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Headlinesn > Entertainment > In ‘The Jinx — Part Two’ finale, Andrew Jarecki says Robert Durst was enabled by wife and siblings
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In ‘The Jinx — Part Two’ finale, Andrew Jarecki says Robert Durst was enabled by wife and siblings

Filmmaker Andrew Jarecki has spent much of the last 20 years thinking about Robert Durst, the notorious real estate heir who was suspected in multiple murders but managed to evade justice until the very end of his life.

Jarecki’s Emmy-winning 2015 docuseries, “The Jinx: The Life and Deaths of Robert Durst,” thrust Durst into the spotlight by revisiting the mysterious deaths to which he was linked: the 1982 disappearance of Durst’s first wife, Kathie McCormack Durst; the murder of his best friend, Los Angeles writer Susan Berman, in 2000; and the grisly killing and dismemberment of his elderly neighbor, Morris Black, in 2001. And it famously led to Durst’s arrest in New Orleans the day before the broadcast of the explosive yet controversial finale in which he muttered, “killed them all, of course” to himself while in the bathroom.

In “The Jinx — Part Two,” a six-episode follow-up that concluded Sunday on HBO and is available to stream on Max, Jarecki looks at the dramatic events that have unfolded since Durst’s quasi-confession aired on national television and triggered a craze for high-end true-crime documentaries. This time around, the focus is less on Durst and his damaged psychology and more on the circle of friends and confidantes who helped him along the way.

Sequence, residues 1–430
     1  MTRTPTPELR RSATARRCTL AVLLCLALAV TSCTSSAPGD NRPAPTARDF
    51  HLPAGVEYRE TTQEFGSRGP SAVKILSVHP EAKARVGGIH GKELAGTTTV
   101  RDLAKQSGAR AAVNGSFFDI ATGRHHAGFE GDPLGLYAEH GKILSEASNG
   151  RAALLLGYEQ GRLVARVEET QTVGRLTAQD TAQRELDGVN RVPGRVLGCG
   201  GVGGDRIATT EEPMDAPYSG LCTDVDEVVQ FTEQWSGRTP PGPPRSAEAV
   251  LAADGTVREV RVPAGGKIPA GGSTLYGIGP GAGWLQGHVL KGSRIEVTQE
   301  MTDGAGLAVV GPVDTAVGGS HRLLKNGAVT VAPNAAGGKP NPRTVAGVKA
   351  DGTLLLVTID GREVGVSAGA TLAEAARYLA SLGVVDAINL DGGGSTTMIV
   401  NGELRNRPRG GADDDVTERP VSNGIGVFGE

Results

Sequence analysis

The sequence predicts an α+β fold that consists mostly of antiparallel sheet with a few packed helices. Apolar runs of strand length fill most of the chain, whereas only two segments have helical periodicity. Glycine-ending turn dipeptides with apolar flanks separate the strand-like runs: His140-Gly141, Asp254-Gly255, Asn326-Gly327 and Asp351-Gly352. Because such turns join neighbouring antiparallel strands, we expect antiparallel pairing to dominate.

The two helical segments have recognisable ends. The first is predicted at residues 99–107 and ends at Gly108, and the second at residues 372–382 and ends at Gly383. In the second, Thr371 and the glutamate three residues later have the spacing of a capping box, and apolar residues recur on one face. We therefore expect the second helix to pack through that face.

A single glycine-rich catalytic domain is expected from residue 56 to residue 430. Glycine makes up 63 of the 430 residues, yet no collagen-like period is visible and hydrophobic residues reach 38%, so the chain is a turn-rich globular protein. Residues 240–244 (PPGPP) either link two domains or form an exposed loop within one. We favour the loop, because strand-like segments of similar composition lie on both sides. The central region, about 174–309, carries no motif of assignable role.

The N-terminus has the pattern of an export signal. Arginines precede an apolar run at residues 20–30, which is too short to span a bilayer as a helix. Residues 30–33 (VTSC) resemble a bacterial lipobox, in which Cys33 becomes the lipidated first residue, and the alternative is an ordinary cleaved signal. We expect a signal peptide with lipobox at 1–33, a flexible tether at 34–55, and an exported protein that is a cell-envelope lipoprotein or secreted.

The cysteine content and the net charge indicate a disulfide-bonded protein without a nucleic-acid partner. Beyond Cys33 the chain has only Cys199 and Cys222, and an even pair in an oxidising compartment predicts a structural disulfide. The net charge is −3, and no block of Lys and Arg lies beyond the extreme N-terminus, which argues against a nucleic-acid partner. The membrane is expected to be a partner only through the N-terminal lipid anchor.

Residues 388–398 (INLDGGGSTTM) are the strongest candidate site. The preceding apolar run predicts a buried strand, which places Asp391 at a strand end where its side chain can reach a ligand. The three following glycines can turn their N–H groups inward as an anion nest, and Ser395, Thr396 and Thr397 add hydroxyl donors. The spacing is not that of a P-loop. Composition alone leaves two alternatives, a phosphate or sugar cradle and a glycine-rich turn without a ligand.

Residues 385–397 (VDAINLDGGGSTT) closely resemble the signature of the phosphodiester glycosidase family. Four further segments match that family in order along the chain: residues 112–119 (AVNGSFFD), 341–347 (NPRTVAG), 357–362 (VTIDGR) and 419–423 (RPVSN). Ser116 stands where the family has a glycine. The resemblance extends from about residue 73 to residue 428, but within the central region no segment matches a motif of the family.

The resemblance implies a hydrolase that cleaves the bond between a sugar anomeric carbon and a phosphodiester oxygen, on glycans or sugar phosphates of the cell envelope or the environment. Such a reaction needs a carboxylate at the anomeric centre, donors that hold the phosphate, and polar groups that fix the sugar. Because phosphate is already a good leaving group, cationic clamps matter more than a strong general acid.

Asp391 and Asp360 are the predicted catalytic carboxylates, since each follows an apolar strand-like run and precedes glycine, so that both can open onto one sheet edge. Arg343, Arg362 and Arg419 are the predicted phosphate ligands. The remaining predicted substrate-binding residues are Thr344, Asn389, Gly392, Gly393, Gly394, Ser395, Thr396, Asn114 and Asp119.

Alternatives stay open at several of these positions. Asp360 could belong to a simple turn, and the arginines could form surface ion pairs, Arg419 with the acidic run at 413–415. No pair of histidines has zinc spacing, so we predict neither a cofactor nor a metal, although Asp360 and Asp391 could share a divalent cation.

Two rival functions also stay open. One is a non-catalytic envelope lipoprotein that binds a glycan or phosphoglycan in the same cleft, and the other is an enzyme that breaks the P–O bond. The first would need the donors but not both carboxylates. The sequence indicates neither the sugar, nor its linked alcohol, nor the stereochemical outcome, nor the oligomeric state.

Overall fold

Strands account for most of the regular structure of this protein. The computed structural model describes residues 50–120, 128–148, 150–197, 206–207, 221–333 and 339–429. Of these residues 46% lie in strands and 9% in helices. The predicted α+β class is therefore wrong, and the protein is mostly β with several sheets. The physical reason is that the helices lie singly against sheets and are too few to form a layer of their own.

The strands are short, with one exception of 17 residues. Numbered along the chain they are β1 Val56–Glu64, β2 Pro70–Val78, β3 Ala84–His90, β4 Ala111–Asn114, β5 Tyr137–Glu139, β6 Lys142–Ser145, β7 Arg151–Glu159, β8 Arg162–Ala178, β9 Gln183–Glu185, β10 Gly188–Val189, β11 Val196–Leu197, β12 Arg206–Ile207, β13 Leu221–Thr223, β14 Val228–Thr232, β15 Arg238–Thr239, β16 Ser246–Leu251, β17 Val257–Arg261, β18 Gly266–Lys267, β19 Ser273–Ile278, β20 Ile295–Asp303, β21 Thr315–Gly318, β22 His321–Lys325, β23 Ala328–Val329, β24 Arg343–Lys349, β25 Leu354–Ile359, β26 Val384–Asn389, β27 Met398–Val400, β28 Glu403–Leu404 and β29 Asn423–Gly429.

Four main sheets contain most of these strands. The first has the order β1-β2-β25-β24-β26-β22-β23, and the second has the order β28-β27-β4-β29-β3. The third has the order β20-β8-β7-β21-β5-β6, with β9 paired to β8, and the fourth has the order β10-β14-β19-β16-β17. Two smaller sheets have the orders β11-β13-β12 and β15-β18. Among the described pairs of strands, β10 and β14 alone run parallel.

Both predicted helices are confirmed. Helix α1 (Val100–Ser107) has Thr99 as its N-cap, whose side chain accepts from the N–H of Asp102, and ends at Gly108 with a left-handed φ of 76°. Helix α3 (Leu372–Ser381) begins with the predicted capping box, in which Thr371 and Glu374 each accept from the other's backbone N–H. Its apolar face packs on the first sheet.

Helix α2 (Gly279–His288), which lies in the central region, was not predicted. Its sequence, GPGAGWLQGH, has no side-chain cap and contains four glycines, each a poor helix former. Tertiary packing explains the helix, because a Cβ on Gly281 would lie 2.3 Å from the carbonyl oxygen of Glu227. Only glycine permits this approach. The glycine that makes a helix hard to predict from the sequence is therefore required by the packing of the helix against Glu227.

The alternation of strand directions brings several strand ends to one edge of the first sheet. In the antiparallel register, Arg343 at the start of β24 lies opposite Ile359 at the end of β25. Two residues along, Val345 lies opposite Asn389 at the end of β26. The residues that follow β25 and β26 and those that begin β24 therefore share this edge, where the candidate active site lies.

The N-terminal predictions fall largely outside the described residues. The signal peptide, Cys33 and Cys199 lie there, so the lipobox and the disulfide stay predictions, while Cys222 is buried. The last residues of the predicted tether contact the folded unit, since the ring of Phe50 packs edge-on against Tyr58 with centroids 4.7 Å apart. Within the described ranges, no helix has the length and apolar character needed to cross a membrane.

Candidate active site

“When we were making the first ‘Jinx,’ we would say, ‘How do you kill three people over 30 years and get away with it? It takes a village,’” said Jarecki, in a windowless editing suite in Chelsea, where he was joined by executive producer Zac Stuart-Pontier, who after 15 years in “The Jinx” world has a nearly instant recall of all things Durst-related. The conversation, which was scheduled for a half-hour, instead stretched to 90 minutes, an indication that the documentarians are nowhere near finished talking about Durst, who died in 2022 — or the friends and family who enabled him for years.